Unlike Collegiate Church, St. Peter’s Archabbey is awash in color. This Benedictine monastery, founded in 696 by Saint Rupert, features a verdigris-green onion dome (which actually looks more like a head of garlic) atop its distinctive steeple. It’s a fairly new addition to the church, completed in 1756, six centuries after its oldest parts were built. Known for its exceptional writing school during the Middle Ages, St. Peter’s received its Rococo style in the mid-1700s and didn’t suffer too badly during World War II, when the Nazis seized it and expelled most of the monks. Inside, Biblical ceiling murals, as well as a couple of rows of paintings above the arches separating the side aisles, add to the church’s colorful richness, as do the golden trimmings and the over-the-top side chapels and altars. To make the most of your visit, see more than just the church (always keeping an ear out of the chimes of the bells, some of the largest and most valuable in Austria). With special permission, you can enter the oldest library in Austria. Now holding 100,000 volumes, it all started with a single manuscript, deposited in 784. You’re also free to wander around the cemetery, with the oldest preserved grave from 1288 and the much newer (1829) one for Mozart’s sister, and the catacombs carved out of the rocks of the bordering hill. If this looks familiar to you, you’re right: Julie Andrews, Christopher Plummer, and their movie Von Trapp children hid here in a suspenseful scene toward the end of The Sound of Music. Finish off your visit with a meal in reputedly the oldest restaurant in Central Europe.
#5 Franciscan Church (Franziskanerkirche)
It looks truncated, as if the builders gave up on the length halfway through the job and prematurely capped it off with the apse. And maybe they did — construction dragged on for centuries, starting in 1208, making it one of the oldest churches in Salzburg, and they might have just had enough. Now the Franciscan Church stands in a striking contrast to itself. The façade is a Baroque redesign from around 1700, but as soon as you enter, you shift back a few centuries to the original Romanesque. It served as a simple parish church until things became grander in the 1400s, when the stubby Gothic choir replaced the existing one and a slender tower rose by the end of the century. Three hundred years later, that shifted to Baroque, and that’s the part that makes this church so spectacular. Drawn forward from the dark, heavy, and simple older nave, you’re pulled toward the glorious choir, and it becomes evident that what the church may lack in length is more than compensated by its verticality. Three tall plain-glass windows to the right bear uniform tracery at the top, but different designs at the bottom, and allow plentiful light to enter. Soaring pillars lead your eyes up to the magnificent prismatic star-ribbed vault ceiling. Nine chapels ring the exterior walls, awash in paintings and lavish Baroque frillery, everything from angels to eagles to unicorns. A filigree grille with tendrils and small angels incorporated into the lattice sections off the high altar, a masterpiece in red marble and gold. And just when you start to reconcile the starkly different styles of the whole complex, you’re thrown off again when you notice, above one of the chapels, an organ that was built in 1989.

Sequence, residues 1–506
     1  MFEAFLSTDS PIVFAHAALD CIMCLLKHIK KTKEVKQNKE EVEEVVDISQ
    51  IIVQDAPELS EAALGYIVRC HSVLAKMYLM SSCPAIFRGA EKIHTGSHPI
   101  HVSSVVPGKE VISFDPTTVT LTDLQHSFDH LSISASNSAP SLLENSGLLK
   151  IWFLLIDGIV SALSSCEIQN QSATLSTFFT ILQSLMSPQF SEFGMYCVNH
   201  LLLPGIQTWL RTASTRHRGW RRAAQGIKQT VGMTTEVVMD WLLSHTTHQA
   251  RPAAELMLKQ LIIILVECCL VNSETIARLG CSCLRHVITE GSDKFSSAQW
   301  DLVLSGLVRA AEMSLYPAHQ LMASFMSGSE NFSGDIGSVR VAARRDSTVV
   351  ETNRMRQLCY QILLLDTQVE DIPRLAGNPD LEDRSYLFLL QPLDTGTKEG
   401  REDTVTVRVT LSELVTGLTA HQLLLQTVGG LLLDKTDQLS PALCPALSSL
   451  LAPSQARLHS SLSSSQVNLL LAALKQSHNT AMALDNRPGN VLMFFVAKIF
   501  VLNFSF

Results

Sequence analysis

- Nonnberg Abbey (Stift Nonnberg; from 714)
- Hohensalzburg Fortress (Festung Hohensalzburg; from 1077)
- Mirabell Palace (Schloss Mirabell; 1727)
- St. Blaise’s Church (Kirche St. Blasius; from 1350)
- New Residence (Neue Residenz; from 1588)
Leave a Comment
Have you been here? Have I inspired you to go? Let me know!